8 hours ago
When Charcutepalooza first began, Rob, in a fit of inspiration, blew through the book and made many of the recipes he wanted to make - without respect for the Charcutepalooza process of making one, pre-ordained recipe per month.
I kept pictures of them all, hoping at some point one of the recipes we had made would come up in a monthly challenge thus saving me the last minute stress of keeping up with this year-long challenge, which, if I'm being honest, has turned into a bit of a burden when I'm:
a. embarking on this new job
b. chasing after a small person who has evidently determined to re imagine Supermarket Sweep as a new game show wherein he bolts around the house trying to find different ways to maim himself
c. not really so much with the blogging at the moment
The challenge this month was a "packing" challenge - so, basically, some variation on paté.
Paté en Croute, which sounds like it should be eaten with twee silver forks and pinkies raised skyward, is, really, just a fancy way to say "meat pie". We have been pretty well obsessed with meat pies since we returned from our trip to London in April. As you might recall, we saw piles of delicious pies under glass at Borough Market. Rob got all swoonie and I had to catch him in my arms and give him smelling salts and, later, slap him really hard and yell "SNAP OUT OF IT MAN! THEY'RE JUST PIES!"
I've dubbed this pie The Titus Andronicus because of the very strong associations I have between meat pies and that play. This pie had all of that overindulgent meatiness evident when Anthony Hopkins cuts through the cannibalistic pies in Julie Taymor outrageously wonderful 1999 film. You can almost FEEL the squish.
When did meat pies become sinister, I wonder? And when, oh when, did they fall out of fashion? My friend W. I. Kipedia (historian, passionate lover, avid collector of facts) tells me that meat pies date back to the Neolithic period (that's 9500 BC for those of you not up on your various periods, *sniff*, what DO they teach in schools these days? ). I imagine the form of food was attractive and remained so for quite a while due to several factors.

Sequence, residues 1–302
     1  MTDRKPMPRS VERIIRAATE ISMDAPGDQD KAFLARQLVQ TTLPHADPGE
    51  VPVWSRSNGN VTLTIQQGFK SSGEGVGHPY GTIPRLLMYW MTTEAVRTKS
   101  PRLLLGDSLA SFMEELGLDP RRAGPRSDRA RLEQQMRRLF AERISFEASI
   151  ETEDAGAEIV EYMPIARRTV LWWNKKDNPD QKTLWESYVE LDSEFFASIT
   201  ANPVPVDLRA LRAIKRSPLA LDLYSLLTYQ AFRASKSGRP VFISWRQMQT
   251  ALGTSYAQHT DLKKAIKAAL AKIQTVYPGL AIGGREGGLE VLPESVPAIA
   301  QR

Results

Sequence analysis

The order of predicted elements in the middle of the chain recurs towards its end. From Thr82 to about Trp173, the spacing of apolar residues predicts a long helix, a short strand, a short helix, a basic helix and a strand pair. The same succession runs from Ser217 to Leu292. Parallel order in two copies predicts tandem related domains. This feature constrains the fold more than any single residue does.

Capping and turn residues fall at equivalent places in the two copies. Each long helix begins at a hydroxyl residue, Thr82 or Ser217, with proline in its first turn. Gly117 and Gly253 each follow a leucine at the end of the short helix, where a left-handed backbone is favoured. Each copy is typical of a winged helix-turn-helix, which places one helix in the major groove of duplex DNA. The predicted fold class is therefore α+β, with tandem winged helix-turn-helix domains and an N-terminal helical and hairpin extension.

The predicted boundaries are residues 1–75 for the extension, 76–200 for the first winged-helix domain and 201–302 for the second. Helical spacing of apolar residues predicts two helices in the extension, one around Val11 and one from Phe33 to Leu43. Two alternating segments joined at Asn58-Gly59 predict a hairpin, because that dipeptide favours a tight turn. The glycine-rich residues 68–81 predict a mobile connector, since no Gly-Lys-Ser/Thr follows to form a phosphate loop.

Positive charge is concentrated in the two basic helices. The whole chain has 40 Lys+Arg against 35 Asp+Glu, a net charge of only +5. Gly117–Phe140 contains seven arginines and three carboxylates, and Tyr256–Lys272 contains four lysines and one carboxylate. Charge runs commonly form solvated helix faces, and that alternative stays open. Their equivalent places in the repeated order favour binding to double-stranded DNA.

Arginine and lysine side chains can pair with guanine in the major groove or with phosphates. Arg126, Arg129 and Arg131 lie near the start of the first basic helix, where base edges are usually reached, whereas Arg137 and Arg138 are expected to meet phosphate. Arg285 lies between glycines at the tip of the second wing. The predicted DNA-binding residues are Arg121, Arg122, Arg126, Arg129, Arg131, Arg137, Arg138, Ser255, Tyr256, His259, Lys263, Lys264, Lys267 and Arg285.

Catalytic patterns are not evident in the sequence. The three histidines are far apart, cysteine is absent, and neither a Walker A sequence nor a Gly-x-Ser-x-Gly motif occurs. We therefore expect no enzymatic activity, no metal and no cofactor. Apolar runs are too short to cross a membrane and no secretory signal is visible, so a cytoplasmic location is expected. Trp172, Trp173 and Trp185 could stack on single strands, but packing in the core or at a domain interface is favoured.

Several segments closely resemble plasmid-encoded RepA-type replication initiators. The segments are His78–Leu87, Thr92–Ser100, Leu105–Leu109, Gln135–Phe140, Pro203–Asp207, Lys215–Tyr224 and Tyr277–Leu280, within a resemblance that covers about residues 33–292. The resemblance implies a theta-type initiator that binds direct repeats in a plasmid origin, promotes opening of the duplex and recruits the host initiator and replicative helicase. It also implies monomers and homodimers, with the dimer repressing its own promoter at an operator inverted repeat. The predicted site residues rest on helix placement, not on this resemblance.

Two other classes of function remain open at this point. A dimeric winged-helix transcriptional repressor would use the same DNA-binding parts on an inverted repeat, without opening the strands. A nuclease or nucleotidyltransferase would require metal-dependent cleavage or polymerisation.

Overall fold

First and foremost mixing stuff with other stuff and then covering it with pastry is a really terrific way to hide that maybe some of that stuff isn't so tasty. This is the general strategy of one: Claude Maximillian Overton Transpire Dibbler and lunch ladies the world over. Furthermore, meat pies travel well and come with their own carrying case, like a free gift at Clinique (but with fewer lipsticks you'll never use.) Finally, they are cheap and tasty (in theory, unless they are the worst pies in London) and, things being what they are, for many people those are the two most important attributes a dinner can have.
The great part about this recipe is that it will feed an army and do so for about a week. This is seriously big, seriously dense, seriously delicious foodstuff. We don't typically publish recipes from Ruhlman's book, and our textbook, Charcuterie, but in this case I'm making an exception because he published it in O Magazine so it's already "out there".
English Pork PieRecipe courtesy of Michael Ruhlman
Servings: Serves 6–8
24 Tbsp. (3 sticks) cold unsalted butter
3 cups all-purpose flour , plus more for rolling
1 large egg
4 to 6 Tbsp. ice water
1 Tbsp. unsalted butter